TSC recently equipped its MT series industrial thermal printers with an innovative print head, says Sabine Mayer. “Our special ‘Thermal Smart Control’ tracks and calculates the duration that each pixel needs to be heated to provide accurate, crisp and clear labels.”

And Renovotec has launched what it describes as a “new business model” rugged printer label subscription service that includes a Honeywell industrial printer plus maintenance, support, consumables and delivery – for a single monthly payment. Managing director Richard Gilliard says: “Subscribers will never have to buy a printer again. Under the monthly delivery model, companies don’t need to bulk-buy, store labels to achieve a cost effective price – which releases storage space. They no longer have cash tied up in printers, plus they have access to the best models. We believe that this service breaks new ground.”

 

 

Case study: SAP integrated label management

 

Pharmaceutical company Teva ratiopharm was able to improve its internal logistics by integrating SAP label-management software by AutoID specialist ADC Distribution and Honeywell industrial printers. When the company was looking for a new printing solution, long-standing supplier ADC drew the attention of its IT managers to the SAP-integrated label management programme written by OPAL Associates. ratiopharm’s SAP experts were impressed with the production, printing and maintenance of the labels, all carried out directly within the SAP system.

During manufacture, Teva ratiopharm produces both box and shipping labels that need to correlate. The first challenge was to establish a field catalogue for the various label categories that would define data acquisition. From the start, Teva ratiopharm’s IT team established an expanded catalogue so as to be ready for future label requirements and client requests. Labels are laid out using Seagull Bartender. Products such as pills are packed by machine and then gathered into cardboard boxes in an on-going process. These sealed units are labelled by the Honeywell printers. The labels contain the product name, the barcodes of the order number and load as well as the PZN (German equivalent of PPN, Pharmacy Product Number).

Every day around 150 PM4i and EasyCoder 501XP printers produce labels as part of the logistical process. “The PM4i is programmable and distinguishes itself through expanded and secure network functions and by supporting the latest network protocols, thus offers a solution that is reliable and scalable in the long term”, says Erich Harscher, IT business analyst SAP Support CoE Production with Teva ratiopharm.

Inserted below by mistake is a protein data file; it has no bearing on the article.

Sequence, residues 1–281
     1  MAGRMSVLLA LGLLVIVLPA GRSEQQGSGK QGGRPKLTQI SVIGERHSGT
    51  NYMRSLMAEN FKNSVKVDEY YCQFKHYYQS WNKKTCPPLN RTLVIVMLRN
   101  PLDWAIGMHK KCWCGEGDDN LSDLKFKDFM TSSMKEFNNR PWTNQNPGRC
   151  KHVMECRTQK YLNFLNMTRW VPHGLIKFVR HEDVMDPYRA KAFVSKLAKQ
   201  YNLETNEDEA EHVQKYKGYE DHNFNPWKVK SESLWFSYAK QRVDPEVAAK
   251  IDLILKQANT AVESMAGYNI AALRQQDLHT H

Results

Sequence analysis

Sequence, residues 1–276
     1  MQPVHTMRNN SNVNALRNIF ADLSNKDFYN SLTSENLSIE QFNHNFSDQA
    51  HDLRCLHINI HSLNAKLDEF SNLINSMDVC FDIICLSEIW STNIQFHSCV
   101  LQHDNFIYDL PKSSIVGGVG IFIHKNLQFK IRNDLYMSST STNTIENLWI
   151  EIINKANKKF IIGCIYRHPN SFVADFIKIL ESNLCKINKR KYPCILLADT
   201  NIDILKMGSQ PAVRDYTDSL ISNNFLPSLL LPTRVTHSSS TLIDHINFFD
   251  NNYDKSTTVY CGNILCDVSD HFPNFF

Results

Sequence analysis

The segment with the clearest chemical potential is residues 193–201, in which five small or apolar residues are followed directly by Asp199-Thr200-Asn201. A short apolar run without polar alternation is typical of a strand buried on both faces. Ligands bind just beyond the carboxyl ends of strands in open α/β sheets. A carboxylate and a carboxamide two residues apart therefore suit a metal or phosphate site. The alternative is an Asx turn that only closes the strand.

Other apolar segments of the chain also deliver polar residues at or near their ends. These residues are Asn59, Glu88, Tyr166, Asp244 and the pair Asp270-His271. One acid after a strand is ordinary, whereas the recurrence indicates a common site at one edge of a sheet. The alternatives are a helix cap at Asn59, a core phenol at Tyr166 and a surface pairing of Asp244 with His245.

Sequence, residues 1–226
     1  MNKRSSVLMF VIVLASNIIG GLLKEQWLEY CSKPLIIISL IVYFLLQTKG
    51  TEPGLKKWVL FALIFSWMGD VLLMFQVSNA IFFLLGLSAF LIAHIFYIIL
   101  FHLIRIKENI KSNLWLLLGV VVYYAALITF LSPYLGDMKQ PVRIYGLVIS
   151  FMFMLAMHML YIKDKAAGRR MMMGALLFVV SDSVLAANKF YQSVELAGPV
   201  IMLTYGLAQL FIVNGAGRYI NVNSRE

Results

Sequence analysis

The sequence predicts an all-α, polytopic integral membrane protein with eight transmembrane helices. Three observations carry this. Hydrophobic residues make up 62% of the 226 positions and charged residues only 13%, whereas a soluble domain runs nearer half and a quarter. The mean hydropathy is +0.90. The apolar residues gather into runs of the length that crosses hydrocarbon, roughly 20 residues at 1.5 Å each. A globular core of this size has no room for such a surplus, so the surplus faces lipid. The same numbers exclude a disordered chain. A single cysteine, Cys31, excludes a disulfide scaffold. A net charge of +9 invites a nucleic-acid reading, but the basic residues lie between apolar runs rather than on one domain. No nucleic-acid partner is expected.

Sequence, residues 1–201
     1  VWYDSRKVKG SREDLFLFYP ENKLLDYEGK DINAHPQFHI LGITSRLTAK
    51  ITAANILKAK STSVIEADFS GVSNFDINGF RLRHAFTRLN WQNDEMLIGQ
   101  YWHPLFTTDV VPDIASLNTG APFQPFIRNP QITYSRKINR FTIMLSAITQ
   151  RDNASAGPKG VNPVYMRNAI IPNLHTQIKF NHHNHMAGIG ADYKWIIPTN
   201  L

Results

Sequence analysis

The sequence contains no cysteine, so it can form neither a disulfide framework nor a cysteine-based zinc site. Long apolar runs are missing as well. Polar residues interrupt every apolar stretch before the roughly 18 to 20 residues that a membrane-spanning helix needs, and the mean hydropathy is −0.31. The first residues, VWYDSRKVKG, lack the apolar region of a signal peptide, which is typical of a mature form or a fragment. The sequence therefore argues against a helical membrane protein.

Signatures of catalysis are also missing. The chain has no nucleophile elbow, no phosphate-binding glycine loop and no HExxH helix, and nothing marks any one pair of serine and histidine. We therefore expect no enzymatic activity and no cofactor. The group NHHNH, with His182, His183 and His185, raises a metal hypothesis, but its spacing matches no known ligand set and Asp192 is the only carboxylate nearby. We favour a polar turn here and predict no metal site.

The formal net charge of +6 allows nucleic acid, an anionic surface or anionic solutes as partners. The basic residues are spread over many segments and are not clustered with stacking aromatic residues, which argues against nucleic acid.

Due to the success of the new devices an extension to the license agreement for 70 printers has been applied for. Future label orders using Japanese characters are also being discussed which could be produced by the OPAL label management.

 

 

Maintenance: Setting up the printers for success

 

The label that goes on a box costs next to nothing – but if the label is missing or badly printed the cost further down the supply chain could be significant. So it is important to have a reliable printer and to ensure that it is well maintained.

Sabine Mayer of TSC points out that for companies every minute of downtime is very expensive, eventually having an impact on the entire supply chain too. It’s better to choose a professional high quality device working reliable and trouble-free for a long time. Some of our desktop printers, for example, are suited with a durable and innovative dual-motor print engine, which incorporates a 32 bit high performance processor that can handle high volumes of data without sacrificing throughput and without problems.

Citizen’s Jörk Schüßler, says: “Firstly, it must be noted that modern printers are tougher and more reliable than ever before.

“To minimise the risk of failure it is essential that printers are specified correctly for each application. Also, customers need to consider total cost of ownership. A low cost printer from an unknown brand may initially look like an attractive option, but in the long term will be more expensive to operate and maintain, especially as the prices of parts such as replacement thermal heads can be high – often more than twice that charged by major manufacturers such as Citizen.

“However, in common with all products with consumables and moving parts, especially when used in demanding applications, printers can sometimes fail. This is why having an extensive network of service and customer support centres is crucial.”

Renovotec was recently appointed by Brother as a UK authorised centre for the repair and servicing of its rugged warehouse and industrial label printers. Renovotec will repair printer models in its label-printer Rugged Jet RJ Series and Thermal Desktop TD Series, as well as its mobile Pocket Jet PJ Series – both in and out of warranty.

“Brother provides a viable, globally tried and tested alternative in the rugged-environment, label printer market” says Renovotec managing director Richard Gilliard. “The relationship makes good use of our hardware expertise and allows us to offer a new service to supply chain, manufacturing and other users.”

Zebra’s Richard Hughes-Rowlands advises: “Don’t wait for the printer to fail before working out how to get it fixed. Plan for it ahead of time, ensure a service contract is in place and in the eventuality that things go wrong, have a plan for that as well.

“Part of the planning process required is understanding what the various devices are doing. An operational process should be in place to identify the workload and its appropriateness for the printer. Educate device users on maintenance processes and procedures to follow if a printer breaks down. Servicing and repair needs to be quick and simple because if there are easy tasks that users can manage themselves, this will reduce downtime and operational delays that could impact the customer.”